• I understand your perspective too and can understand how you are personally tied into the creator of the universe and communicate with him must feel good.

      • jesuswithoutbaggage,

        You have misunderstood my question. I did not ask why God didn’t explain the theory of evolution to the prophets. I asked why He gave them paradigms that conflict with it. For example, the Genesis account of creation depicts separate categories of living things created, each reproducing after its own kind while the theory of evolution teaches all living things being produced from common ancestry (“tree of life”) over elongated periods of time. That is, the Genesis account could just as easily have told the story in terms of common descent and long periods of time instead of separate descent and very short periods of time. The question I’m raising is why wouldn’t God use myths, parables, or other fictions – if that’s what they are – less at odds with the reality He knew we would one day discover?

        • Rick

          I think you ask a good question, but it assumes that the “method” was the thing God was trying to teach, and it assumes that your suggestion would have been the best for that culture.

          • Rick,

            I am not assuming that God was trying, or should have been trying, to teach the “method” of creation. As far as “method” goes, we’re told He did it by His word, and I’m content with that. I am only saying that it strikes me as odd that God would give us a creation account that would clash starkly with the scientific truth He knew would one day come to light.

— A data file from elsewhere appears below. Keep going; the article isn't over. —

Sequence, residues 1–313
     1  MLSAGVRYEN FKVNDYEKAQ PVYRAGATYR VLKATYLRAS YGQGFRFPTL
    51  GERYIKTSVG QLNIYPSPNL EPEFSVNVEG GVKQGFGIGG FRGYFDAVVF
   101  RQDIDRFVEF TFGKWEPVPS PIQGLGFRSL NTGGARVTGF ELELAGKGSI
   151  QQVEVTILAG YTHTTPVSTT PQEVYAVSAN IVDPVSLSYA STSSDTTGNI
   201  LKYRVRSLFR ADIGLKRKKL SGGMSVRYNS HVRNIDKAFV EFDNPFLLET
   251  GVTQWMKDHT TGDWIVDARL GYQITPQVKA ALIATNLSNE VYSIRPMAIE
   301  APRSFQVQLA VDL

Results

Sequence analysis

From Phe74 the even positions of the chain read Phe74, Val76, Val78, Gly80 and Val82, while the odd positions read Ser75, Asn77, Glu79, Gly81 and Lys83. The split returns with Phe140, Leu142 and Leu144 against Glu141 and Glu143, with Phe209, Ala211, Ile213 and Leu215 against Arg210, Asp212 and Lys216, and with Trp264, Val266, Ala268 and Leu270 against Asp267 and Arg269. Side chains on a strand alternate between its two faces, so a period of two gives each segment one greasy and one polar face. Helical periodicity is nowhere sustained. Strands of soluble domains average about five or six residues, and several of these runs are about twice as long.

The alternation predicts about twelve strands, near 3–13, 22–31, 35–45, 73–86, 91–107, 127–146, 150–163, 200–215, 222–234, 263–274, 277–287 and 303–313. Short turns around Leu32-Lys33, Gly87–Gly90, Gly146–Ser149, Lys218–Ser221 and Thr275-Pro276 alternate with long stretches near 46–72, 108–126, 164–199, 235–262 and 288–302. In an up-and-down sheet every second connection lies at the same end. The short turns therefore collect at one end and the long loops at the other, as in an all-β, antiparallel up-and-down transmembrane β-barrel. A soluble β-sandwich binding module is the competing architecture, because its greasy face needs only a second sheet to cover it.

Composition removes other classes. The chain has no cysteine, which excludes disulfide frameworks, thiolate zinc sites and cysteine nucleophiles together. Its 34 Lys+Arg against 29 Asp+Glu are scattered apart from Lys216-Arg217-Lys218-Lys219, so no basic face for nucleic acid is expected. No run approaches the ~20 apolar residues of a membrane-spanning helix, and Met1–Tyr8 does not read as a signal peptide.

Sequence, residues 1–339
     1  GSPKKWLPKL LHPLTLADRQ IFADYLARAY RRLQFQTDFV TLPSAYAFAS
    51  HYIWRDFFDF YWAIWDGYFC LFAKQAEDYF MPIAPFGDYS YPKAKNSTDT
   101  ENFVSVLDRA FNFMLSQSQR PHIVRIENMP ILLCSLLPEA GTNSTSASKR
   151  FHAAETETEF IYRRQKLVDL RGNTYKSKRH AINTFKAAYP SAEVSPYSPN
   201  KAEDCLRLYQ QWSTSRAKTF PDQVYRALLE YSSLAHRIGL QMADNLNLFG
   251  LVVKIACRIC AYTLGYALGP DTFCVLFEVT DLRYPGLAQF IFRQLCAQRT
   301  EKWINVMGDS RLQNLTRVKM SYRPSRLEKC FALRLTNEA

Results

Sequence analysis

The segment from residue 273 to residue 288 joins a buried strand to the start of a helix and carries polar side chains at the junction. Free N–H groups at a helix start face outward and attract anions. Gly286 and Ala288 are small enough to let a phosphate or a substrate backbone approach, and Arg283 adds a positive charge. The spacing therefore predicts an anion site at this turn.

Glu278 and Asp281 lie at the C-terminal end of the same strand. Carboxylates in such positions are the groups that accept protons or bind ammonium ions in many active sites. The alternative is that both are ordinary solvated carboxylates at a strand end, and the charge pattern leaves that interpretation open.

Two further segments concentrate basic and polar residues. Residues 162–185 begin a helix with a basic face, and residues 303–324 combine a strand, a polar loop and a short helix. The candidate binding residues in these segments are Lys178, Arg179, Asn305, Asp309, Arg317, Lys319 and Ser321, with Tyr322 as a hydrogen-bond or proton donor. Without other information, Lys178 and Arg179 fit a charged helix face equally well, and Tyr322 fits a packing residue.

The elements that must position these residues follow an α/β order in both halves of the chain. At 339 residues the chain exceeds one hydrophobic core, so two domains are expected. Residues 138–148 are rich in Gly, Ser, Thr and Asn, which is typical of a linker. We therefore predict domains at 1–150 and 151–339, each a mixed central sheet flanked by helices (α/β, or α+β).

This state of affairs can be easilty contrasted with the Scriptures concerning the Messiah which, until the truth was revealed, were cryptic, mysterious, and not easily correlated, but once the truth was revealed, all made much more sense. Are we to believe that the same God is now working in reverse, having His Scriptures become less cohesive and coherent (i.e. labeled as myth with plot points that contradict reality) with the revelation of the truth?

          • Rick

            “I am only saying that it strikes me as odd that God would give us a creation account that would clash starkly with the scientific truth He knew would one day come to light.”
            But what is being described there, and for what purpose? Genre and culture aspects are still being studied and uncovered.
            For example, although God as Creator is clearly indicated from the beginning, John Walton says the rest is giving a description of God’s temple coming into use (as would be recognized in that culture). J. Sailhammer, on the other hand, says it is describing the development of the Promised Land.

          • I see nothing about Walton’s view or Sailhammer’s view that would require the Genesis creation account to use imagery and analogy that conflicts with evolutionary theory (e.g. creation by kinds rather than from single ancestor, creation in days rather than in billions of years, creation by fiat rather than by unattended process).

            Again, God used imagery to promise Messiah, imagery that seemed to clash until the truth became known. Yet with respect to the truth of creation we have exactly the opposite – imagery that doesn’t clash UNTIL the truth is known?

          • Kaleb Penner

            I have followed this whole discussion here and completely agree with Mike.

            Scripture only clashes with scientific truth if you attempt to hold both with equal authority. The scriptures ought to be interpreted by itself only, according to the spirit of Christ. Importing evolutionary theory as a framework by which the Bible ought to be understood does nothing to help a believer understand Christ and his salvation; and that is a best case scenario.

            One can, and millions have, come to a blessed knowledge of Christ completely apart from evolutionary theory; yet by trying to bring evolutionary theory along for the ride, many get sidelined.

            As Mike said, God created the world by his word. He spoke it into existence. God said he created so that everything reproduces after its own kind. The Bible says Jesus is upholding the physical universe by the word of his power. That is all someone needs to know, they are not helped spiritually by trying to go beyond this, as man is to live by the word of God.